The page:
Outrage over the Prayer Breakfast Speech? Really?

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I’ve just listened to President Obama’s speech at the prayer breakfast, the speech that has been reported to have outraged many people. I don’t know who these people are or how many they may be, but I heard nothing astonishing (as Pat Buchanan reportedly called it) at all. What the President said about brutality in the name of religion, including Christianity, was mild and quite restrained. He didn’t drag out what could have been a very long recitation of Christian atrocities, because enumerating them was not his purpose. He said, rightly, that many times in our world’s history, religion has been twisted by those claiming to act in God’s name and on God’s authority to commit horrendous evils. He spoke against singling out Islam because of ISIS (or ISIL) when zealots of other religions have acted similarly and, also similarly, have not truly represented the faith. Indeed they have. Does Pat Buchanan not know the history of Christianity, or is he being disingenuous to smear our President?

President Obama could have added much more from the history of atrocities committed in the name of Christ. Catholics have slaughtered Protestants, and Protestants have slaughtered Catholics. Both have slaughtered Anabaptists and others labeled sectarians. I live just outside the town of Lititz, Pennsylvania founded by Count Zinzendorf as a refuge for Moravians fleeing persecution in Europe. Why do we think the Anabaptists, the Amish and Mennonites, came here? Many were slaughtered in the lands they fled – yes, in the name of Christ. They came here to find freedom to live their faith as they believed God led them to live it and to escape being killed for it in the name of the very Christ they served.

Please, let us not forget the centuries of persecution of Jews by Christians, in the name of Christ: the blood accusation, the pogroms sometimes fueled with hatred spewed directly from pulpits, the seizing of Jewish lands and raping of Jewish women, the humiliations of public trials during which rabbis were forced to balance on one-legged stools and wear “Jews’ hats.” The terrible name “Christ killers” resounds through our history supposedly justifying brutality as some twisted sort of holy revenge. To this day, Muslims continue slaughtering Christians even as Christians slaughter Muslims, and, yes, the carnage certainly does go back to the Crusades.

Yes also, as the President suggested, the twisting of Christianity played powerful roles in our own nation’s history of slavery followed by post-emancipation oppression and atrocities. The KKK presented itself as Christian. Churches justified slavery and wrote slave catechisms that perverted the Bible to make faith seem to require, as God’s will for them, the willing submission of the slaves and acceptance of their place at the very bottom of society even as their labors brought wealth to people many of whom identified themselves as Christians.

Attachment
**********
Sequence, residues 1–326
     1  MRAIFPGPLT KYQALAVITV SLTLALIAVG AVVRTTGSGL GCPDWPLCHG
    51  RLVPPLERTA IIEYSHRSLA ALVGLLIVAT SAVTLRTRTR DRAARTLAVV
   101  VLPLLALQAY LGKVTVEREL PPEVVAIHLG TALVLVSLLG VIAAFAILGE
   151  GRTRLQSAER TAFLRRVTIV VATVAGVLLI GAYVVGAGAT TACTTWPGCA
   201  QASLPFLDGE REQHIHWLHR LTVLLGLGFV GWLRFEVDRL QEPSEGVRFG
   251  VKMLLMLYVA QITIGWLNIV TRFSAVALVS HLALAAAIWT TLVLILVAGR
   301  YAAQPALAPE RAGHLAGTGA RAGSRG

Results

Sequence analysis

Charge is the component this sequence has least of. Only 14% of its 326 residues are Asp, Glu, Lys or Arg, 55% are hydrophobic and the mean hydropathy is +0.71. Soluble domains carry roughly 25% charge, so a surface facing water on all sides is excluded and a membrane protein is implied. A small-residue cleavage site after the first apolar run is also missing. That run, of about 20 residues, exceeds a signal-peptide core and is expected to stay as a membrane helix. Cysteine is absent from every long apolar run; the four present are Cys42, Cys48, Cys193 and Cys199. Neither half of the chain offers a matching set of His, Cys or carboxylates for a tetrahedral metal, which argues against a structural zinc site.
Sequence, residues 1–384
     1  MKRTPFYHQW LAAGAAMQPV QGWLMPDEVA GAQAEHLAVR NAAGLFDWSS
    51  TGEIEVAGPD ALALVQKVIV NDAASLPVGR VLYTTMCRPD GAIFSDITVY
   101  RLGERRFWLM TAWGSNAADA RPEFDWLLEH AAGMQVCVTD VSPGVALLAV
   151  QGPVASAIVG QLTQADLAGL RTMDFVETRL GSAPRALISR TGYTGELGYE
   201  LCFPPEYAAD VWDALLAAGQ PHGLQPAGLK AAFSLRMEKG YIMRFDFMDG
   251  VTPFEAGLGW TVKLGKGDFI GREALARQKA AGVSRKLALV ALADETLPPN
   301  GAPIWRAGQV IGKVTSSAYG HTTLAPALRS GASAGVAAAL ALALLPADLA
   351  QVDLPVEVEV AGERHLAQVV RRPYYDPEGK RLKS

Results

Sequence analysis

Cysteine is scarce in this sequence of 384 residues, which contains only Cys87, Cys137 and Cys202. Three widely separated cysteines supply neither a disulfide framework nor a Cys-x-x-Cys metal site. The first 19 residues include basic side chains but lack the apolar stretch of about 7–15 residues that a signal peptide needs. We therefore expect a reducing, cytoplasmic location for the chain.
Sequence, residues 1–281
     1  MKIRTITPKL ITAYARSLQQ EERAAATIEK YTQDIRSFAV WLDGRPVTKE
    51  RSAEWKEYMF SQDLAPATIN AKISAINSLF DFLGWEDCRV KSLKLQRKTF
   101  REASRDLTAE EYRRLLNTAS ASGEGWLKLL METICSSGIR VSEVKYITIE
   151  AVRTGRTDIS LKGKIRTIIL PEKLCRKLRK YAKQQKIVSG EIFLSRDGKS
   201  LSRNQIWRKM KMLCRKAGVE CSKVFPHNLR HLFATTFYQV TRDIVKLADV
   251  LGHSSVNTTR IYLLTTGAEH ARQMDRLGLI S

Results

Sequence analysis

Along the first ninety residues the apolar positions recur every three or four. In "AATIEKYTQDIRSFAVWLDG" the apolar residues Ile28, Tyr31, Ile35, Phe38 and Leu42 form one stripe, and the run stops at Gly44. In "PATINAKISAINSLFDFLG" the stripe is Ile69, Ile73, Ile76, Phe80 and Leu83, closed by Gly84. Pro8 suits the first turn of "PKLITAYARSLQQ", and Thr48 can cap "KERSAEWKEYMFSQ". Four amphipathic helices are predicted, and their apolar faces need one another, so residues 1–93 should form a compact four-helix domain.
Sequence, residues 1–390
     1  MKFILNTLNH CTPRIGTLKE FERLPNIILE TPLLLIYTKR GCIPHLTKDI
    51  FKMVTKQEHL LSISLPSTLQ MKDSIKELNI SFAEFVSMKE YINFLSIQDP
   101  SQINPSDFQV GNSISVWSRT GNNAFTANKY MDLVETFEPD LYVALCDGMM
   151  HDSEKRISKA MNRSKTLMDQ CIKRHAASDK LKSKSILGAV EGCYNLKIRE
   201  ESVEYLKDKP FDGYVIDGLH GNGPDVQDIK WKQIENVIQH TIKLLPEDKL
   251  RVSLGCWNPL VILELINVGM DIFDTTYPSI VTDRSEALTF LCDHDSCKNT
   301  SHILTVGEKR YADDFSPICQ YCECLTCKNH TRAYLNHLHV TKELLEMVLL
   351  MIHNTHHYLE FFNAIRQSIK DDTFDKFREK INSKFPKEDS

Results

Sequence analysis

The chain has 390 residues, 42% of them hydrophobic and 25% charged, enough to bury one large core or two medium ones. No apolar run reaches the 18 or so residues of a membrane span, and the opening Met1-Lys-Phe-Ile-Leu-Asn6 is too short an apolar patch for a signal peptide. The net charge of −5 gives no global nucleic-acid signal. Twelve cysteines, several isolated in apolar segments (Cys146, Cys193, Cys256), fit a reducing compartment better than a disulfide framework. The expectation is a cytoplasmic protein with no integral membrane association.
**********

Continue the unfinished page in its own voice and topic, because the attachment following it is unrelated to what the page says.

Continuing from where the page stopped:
What President Obama said was mild and restrained indeed. He said it to call for humility, compassion, cooperation for peace, and consideration of the “Golden Rule” in dealing with each other – calling us to treat others as we would like them to treat us.

I see no reason to be outraged as a Christian or even mildly offended. I know enough of our history to realize his remarks were very mild and made with good purpose. He emphasized the positive efforts of religion more than the twisted, negative ones. I thought much of the history of atrocities committed in the name of Christ was common knowledge. Was I mistaken? Plus, the President’s purpose was not to insult or shame us but to persuade us not to mount our high horses and preach hatred against Islam because of our quite justified anger at the atrocities (of which he spoke harshly) perpetrated by those who twist Islam’s faith.

The President concluded with the call of Micah 6:8 to do justice, love kindness, and walk humbly with our God. Yes, he’s right that humility is needed deeply and sometimes desperately in all religious faith and practice. According to Jesus, it’s mandatory for his followers.

3 Comments on “Outrage over the Prayer Breakfast Speech? Really?

  1. Louise Smythe

    Dick, thank you for continuing to express your thoughts on very pertinent issues. I have recently started attending and studying the Unity Church. They are Christian based, but acknowledge the truths found in all churches (and people). One God. Not divided. And accesible within each of us.

    What Obama was saying, and you defending is so accurate. He who is without sin can cast the first stone.
    None of us. We are all children of God (whatever you want to call him). And I now feel the rightness of my childhood feelings; love and care for those you meet.

    Louise

  2. Dave McShane

    Exactly Richard. I cannot imagine that this so called backfire from the right will not also backfire. To revel in ones stupidity is pathetic. It would be laughable if it were not so dangerous. Thank you for your analysis.

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